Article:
Daddy Monk called us every Sunday night. Late. It was usually after kids were in bed, and just about when the grown-ups were, too! Sometimes he had a topic to discuss (worship styles, sermon preparation, getting young people to church) or some happening to report (a good concert, a book study, a sermon) or maybe a question to ask (are the kids ready for school, how was your vacation, what’s the latest with your foster kids) - but no matter what we said to each other, the main thing was just to connect.
He maintained connections with an astonishing number of people. I cannot begin to tell you how many people he sent notes, cards, emails on a regular basis. People in Maryville, in Nebraska, in Columbia, in Junaluska, in Dallas - the love in his heart for people could not be contained. He loved deeply, and he loved broadly. And there were no strangers in his world, only potential friends that he had yet to talk with.
+ “…he is a Christian, not in name only, but in heart and in life. He is inwardly and outwardly conformed to the will of God, as revealed in the written word. He thinks, speaks, and lives, according to the method laid down in the revelation of Jesus Christ. His soul is renewed after the image of God, in righteousness and in all true holiness. And having the mind that was in Christ, he so walks as Christ also walked.”
See, the way Daddy Monk was when he was “being a pastor” or “being a bishop” is the same way he was when he was “being a grandfather.” I can’t separate “Bishop Bryan” from “Grandfather Bryan” because he didn’t; he was just Daddy Monk. Well, only a few really called him that, but those who didn’t only refrained from doing so out of deference to his title. He would have loved for everyone to call him Daddy Monk, I suspect.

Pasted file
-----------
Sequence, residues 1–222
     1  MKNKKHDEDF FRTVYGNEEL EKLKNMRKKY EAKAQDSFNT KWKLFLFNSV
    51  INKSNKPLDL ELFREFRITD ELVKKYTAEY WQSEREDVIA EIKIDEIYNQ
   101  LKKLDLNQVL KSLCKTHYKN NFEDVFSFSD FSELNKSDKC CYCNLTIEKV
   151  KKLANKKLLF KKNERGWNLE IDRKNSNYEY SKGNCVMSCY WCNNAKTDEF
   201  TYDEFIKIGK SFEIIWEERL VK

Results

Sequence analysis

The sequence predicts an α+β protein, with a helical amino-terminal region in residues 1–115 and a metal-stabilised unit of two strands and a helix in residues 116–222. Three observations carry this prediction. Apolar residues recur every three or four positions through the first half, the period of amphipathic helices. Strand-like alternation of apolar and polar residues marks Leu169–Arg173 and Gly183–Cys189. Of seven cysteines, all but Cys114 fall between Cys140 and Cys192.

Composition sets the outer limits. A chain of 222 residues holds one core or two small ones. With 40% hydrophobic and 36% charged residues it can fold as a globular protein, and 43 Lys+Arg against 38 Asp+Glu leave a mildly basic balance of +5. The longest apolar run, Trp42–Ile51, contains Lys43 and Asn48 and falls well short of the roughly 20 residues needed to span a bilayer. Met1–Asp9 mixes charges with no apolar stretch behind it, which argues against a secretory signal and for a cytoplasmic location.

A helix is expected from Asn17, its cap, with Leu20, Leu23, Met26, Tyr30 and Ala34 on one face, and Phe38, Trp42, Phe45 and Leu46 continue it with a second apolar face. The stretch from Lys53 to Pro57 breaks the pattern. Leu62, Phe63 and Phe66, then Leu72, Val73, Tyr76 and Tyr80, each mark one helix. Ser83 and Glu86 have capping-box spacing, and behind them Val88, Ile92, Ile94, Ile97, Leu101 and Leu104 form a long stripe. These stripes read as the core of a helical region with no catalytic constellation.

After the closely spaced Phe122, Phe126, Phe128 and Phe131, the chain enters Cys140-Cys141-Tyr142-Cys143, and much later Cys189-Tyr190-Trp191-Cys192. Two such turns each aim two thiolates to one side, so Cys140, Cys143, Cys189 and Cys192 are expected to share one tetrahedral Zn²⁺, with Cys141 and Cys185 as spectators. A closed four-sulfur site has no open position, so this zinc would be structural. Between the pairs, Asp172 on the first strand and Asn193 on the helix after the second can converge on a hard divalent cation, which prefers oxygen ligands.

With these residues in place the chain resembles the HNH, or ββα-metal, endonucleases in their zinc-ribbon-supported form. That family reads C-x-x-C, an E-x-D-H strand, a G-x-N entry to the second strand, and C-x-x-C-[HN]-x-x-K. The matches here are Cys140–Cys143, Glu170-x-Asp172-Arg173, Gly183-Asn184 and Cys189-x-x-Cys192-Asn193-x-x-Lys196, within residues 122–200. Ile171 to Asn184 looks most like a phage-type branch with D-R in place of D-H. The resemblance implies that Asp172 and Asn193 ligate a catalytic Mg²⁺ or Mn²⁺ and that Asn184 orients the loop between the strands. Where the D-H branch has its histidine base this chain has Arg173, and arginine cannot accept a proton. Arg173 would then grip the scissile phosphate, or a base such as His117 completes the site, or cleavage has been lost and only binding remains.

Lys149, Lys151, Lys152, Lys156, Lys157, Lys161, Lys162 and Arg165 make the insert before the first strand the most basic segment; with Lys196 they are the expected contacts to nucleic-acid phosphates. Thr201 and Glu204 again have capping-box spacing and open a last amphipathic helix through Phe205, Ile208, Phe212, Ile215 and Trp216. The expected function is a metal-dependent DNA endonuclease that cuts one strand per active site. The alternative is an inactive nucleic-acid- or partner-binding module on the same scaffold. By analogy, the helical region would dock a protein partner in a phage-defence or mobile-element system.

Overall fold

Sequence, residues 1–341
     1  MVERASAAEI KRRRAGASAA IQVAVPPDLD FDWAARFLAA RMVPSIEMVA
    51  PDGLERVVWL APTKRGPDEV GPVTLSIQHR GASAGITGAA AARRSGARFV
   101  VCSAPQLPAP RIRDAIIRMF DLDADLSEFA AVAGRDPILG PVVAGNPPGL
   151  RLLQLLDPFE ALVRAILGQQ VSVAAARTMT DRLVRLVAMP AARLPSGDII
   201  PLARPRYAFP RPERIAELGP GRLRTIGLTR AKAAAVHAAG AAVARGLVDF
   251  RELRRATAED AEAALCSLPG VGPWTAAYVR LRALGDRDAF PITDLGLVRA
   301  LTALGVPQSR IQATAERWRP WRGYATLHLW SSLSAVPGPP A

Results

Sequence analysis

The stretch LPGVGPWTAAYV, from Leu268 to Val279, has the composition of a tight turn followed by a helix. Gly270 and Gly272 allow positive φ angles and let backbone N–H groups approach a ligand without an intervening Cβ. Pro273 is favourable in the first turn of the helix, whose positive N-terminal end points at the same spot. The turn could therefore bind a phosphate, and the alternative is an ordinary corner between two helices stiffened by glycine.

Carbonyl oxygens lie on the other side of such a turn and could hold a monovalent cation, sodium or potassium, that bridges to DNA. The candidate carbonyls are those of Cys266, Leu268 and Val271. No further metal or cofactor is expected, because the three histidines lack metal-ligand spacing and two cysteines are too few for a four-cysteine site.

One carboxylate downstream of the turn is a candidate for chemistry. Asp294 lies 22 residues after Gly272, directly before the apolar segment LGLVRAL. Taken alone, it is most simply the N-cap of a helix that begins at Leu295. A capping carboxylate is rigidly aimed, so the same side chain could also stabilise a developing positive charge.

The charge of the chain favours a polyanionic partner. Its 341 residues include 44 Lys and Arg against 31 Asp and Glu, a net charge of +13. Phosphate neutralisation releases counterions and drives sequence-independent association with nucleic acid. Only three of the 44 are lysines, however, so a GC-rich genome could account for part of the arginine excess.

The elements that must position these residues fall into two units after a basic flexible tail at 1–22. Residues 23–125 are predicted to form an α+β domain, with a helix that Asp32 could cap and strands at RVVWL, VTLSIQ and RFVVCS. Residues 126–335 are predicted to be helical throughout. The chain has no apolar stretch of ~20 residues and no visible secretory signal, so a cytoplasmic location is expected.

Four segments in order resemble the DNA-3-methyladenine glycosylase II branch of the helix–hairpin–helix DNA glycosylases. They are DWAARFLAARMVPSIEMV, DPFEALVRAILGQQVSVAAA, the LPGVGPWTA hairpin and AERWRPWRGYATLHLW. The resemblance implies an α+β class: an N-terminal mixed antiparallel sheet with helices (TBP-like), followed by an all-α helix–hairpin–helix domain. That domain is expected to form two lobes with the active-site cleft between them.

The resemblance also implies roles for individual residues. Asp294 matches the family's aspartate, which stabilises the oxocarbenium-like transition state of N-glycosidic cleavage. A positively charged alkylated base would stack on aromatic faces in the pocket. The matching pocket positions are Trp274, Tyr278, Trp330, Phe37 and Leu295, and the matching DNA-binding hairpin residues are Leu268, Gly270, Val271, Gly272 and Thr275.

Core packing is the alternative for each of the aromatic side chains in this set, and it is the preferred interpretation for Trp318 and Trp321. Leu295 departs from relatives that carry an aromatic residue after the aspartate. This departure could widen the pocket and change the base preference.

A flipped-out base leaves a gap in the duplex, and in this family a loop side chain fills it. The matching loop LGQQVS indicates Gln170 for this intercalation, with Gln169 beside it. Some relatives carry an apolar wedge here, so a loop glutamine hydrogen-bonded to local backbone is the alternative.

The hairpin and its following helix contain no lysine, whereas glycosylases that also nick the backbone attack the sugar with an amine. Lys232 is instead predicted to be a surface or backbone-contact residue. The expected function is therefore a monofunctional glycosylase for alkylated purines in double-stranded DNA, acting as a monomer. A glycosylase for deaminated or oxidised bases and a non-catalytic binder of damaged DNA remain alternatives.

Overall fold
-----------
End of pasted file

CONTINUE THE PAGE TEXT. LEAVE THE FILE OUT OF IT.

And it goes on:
I suppose love the church so much because I love him so much. And is the converse true as well? Do I love him because I love the church? I wonder. How much of what I do and who I am is because of his influence in my life? Would I be here, an itinerant preacher in the Missouri Conference of the United Methodist Church currently appointed to serve as pastor of Campbell United Methodist Church in Springfield Missouri, if not for Monk Bryan? If he wasn’t my grandfather?
Daddy Monk taught me that a job is not done until the tools are cleaned and put away in their proper place.
He taught me about fresh peaches sliced on vanilla ice cream.
Daddy Monk taught me that generosity and frugality are not mutually exclusive propositions.
He taught me to enjoy Dr. Pepper.
He taught me to pat horses’ faces and say “ho there” so they won’t be startled by your approach.
Daddy Monk taught me that telling a story always makes a point better than just making a point.
He taught me to care that our highways are being destroyed by semis and our world is being destroyed by wars.
He taught me that a great hymn always says more than a systematic theology.
Daddy Monk taught me that church is family and family is church and you don’t have to be a different person in the pulpit than you are anywhere else.
He taught me more than I can write, more than I can remember, more than I ever could be. There is no one in the world I wanted to please more, no one I more wanted to be proud of me.
Yes, I will miss him. Even though it has been in the back of my mind for years and year that “this might be the last …” I wasn’t really ready for him to be gone. No, I knew he wasn’t going to live forever, but then again, I was kind of thinking that he was going to live forever.
My company before is gone, and I am left alone with thee …
Make Room--A Sermon for Christmas Eve